While driving back from Philadelphia to northern NJ today, I listened to recent podcasts of two of my favorite radio shows: NPR’s Science Friday and Wait, Wait, Don’t Tell Me. On both programs, astrophysicist Adam Riess, one of two Americans (the other being Saul Perlmutter) to win the 2011 Nobel Prize for Physics, was the guest. The award was based on the 1998 discovery that the Universe is expanding at an accelerated rate, which might be accounted for by some unknown energy force called, for now, dark energy. Albert Einstein had hypothesized such a force and then called it his greatest blunder. He may have been right all along. What this means in layman’s terms is that the Universe will just continue expanding forever with little likelihood that it will ever contract to create another big bang.
Philosophically, the thought that the Universe will never contract is very disturbing to me. It seemed comforting to believe that our universe was preceded by an infinite number of cycles, with each universe cycle starting and ending with a big bang. And as I spoke tonight on the phone with my friend and colleague, Joe Eisenberg, I began to wonder why such a revelation about the Universe is so unsettling for me. One way some of us come to terms with our own mortality is an understanding the life cycle. At some point following our death, the molecules from our bodies return to the earth and become part of the soil from which plants grow. These plants are eaten by animals and ultimately humans. Eventually new human life is formed from some of these recycled molecules. To me, this seemingly endless cycle, provides some, but certainly not all, meaning to life. If the Universe doesn’t recycle, then does the Universe have meaning?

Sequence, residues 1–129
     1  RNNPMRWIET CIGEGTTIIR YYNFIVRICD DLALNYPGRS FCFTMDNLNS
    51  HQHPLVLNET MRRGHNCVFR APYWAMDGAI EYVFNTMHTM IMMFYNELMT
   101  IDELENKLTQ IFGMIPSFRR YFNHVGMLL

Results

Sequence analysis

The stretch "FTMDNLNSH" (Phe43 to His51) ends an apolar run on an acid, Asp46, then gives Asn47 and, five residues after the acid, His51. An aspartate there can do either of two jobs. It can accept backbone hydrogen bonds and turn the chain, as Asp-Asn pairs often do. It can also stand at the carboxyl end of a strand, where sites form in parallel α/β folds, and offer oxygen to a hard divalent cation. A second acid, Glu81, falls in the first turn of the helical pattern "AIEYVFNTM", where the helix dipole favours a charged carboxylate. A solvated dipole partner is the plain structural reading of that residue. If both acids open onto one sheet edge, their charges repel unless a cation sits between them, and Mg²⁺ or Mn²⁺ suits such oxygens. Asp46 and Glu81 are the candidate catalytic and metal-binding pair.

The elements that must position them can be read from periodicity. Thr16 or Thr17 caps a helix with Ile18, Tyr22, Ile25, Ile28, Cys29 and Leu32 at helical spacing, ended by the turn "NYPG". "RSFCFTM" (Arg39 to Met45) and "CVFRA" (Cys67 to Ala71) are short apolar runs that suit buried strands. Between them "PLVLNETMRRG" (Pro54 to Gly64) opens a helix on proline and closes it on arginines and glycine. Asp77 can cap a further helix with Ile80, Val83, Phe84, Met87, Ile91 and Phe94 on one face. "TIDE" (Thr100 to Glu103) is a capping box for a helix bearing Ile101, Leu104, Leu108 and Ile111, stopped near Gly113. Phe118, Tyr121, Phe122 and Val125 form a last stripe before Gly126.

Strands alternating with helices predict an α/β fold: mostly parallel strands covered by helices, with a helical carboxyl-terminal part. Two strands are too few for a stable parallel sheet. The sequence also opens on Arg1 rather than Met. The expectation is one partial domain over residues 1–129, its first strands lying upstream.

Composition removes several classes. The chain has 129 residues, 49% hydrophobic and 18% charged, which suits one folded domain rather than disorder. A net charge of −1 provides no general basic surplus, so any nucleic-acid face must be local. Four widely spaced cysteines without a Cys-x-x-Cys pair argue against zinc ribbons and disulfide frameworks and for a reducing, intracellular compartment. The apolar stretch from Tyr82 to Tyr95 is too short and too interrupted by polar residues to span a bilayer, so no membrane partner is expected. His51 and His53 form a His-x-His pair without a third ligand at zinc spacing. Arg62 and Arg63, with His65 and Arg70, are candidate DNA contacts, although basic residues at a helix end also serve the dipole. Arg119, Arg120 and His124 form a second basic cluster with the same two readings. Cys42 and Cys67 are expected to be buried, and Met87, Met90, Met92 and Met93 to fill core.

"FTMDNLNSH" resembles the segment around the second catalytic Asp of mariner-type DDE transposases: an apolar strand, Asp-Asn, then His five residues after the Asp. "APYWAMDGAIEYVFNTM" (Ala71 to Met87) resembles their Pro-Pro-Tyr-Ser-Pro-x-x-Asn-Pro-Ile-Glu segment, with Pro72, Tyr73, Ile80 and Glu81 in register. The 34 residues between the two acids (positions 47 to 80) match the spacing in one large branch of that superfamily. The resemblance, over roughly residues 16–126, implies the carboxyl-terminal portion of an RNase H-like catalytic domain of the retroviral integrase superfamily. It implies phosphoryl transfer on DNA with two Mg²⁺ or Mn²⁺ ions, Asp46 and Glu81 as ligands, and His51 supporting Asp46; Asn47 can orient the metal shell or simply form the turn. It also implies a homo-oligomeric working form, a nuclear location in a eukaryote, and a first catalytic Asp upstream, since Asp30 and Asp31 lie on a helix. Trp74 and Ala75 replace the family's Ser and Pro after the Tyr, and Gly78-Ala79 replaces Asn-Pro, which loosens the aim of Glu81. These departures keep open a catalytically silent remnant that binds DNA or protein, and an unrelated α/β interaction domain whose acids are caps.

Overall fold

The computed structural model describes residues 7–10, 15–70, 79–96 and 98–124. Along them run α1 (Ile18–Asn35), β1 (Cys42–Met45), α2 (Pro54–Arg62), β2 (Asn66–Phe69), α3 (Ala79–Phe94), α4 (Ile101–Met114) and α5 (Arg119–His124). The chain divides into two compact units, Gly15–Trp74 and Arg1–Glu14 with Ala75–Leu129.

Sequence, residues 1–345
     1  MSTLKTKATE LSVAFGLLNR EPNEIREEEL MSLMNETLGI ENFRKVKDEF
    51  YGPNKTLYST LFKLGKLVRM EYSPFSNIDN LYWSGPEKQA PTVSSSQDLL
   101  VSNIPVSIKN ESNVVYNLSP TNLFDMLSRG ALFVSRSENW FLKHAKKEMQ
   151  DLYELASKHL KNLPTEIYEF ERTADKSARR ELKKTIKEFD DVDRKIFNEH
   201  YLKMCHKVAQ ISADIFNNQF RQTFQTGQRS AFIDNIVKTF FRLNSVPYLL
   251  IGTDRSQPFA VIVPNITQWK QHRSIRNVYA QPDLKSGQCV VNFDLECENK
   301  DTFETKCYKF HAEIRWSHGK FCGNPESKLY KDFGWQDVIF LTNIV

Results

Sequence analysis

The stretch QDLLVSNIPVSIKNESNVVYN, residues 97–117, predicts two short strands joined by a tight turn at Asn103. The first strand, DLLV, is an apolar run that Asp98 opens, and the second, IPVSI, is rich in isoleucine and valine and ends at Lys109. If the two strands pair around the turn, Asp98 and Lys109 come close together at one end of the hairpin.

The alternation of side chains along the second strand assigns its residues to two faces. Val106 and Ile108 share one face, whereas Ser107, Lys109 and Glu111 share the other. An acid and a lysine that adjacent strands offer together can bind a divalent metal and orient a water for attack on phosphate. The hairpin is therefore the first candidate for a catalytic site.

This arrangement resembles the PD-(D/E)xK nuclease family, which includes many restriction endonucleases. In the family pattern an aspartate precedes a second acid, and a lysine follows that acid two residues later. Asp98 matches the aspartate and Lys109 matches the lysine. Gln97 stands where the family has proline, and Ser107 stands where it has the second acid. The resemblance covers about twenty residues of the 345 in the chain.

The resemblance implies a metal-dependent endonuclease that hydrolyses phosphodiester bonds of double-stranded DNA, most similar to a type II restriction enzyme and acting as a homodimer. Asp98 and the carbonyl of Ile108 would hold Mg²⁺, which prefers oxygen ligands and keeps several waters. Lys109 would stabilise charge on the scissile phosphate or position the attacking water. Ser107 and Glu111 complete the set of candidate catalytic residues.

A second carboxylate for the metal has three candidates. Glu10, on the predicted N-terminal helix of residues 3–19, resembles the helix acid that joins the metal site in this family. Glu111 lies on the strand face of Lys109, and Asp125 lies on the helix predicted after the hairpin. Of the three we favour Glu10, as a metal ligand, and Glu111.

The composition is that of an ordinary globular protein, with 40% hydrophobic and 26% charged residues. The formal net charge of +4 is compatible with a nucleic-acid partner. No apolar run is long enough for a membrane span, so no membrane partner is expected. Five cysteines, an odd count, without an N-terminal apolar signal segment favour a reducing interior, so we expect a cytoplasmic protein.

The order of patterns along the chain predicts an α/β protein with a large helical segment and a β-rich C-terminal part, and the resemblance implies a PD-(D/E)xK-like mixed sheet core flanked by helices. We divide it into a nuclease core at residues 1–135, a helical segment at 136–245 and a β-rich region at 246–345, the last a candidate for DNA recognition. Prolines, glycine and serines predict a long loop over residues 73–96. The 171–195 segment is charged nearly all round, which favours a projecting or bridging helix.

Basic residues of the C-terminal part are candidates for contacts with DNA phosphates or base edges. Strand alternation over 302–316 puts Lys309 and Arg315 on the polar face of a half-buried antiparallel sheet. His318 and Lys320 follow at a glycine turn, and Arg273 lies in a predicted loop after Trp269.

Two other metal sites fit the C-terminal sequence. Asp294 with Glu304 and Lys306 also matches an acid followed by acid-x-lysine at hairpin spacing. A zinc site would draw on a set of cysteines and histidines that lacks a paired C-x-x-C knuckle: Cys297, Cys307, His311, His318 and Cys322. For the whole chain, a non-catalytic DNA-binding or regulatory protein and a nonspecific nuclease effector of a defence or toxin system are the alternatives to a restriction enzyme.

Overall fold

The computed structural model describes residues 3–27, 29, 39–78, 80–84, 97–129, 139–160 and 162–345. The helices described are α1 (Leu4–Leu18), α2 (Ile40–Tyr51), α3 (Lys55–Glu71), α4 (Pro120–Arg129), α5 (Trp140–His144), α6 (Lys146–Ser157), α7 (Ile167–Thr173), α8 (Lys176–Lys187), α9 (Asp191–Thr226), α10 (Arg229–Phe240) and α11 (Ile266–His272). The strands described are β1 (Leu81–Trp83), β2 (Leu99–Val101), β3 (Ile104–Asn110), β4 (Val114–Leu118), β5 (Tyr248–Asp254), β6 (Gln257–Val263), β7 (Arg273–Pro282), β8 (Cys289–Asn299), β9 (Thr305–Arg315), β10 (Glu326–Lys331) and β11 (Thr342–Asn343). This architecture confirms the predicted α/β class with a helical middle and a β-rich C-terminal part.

In my clinical psychology practice I often see unhappy patients. Some of these people have led tragic lives while experiencing few of the pleasures that make life worthwhile. They express the understandable belief that “Life’s a bitch and then you die.” To them, they haven’t had the kinds of experiences that give life meaning. Still others have expressed what some psychologists would call an existential depression. Because we are all going to die some day or because our planet may be absorbed by the sun some day, they don’t perceive meaning in living. It is this meaning that motivates many of us to be productive. Even some very intelligent children and adolescents I have seen hold the belief that there is no point doing any homework or studying to obtain good grades because life is going to end no matter what they do. Some even extrapolate this thought to the universe.
Perhaps, after learning about our universe’s likely outcome, I can now relate just a little bit to what some of my patients feel. Fortunately for me there is much more that provides me meaning in life than the outcome of our universe. Above all I have family and friends. My job is certainly rewarding. I have even helped some (though not all) suffering from existential depression find their way. I have had the good fortune to have had exciting cross-cultural experiences through my work and travel. Perhaps life’s a struggle at times and its a bitch that the Universe may die without recycling, but it doesn’t have to stop us from finding meaning in what we do have.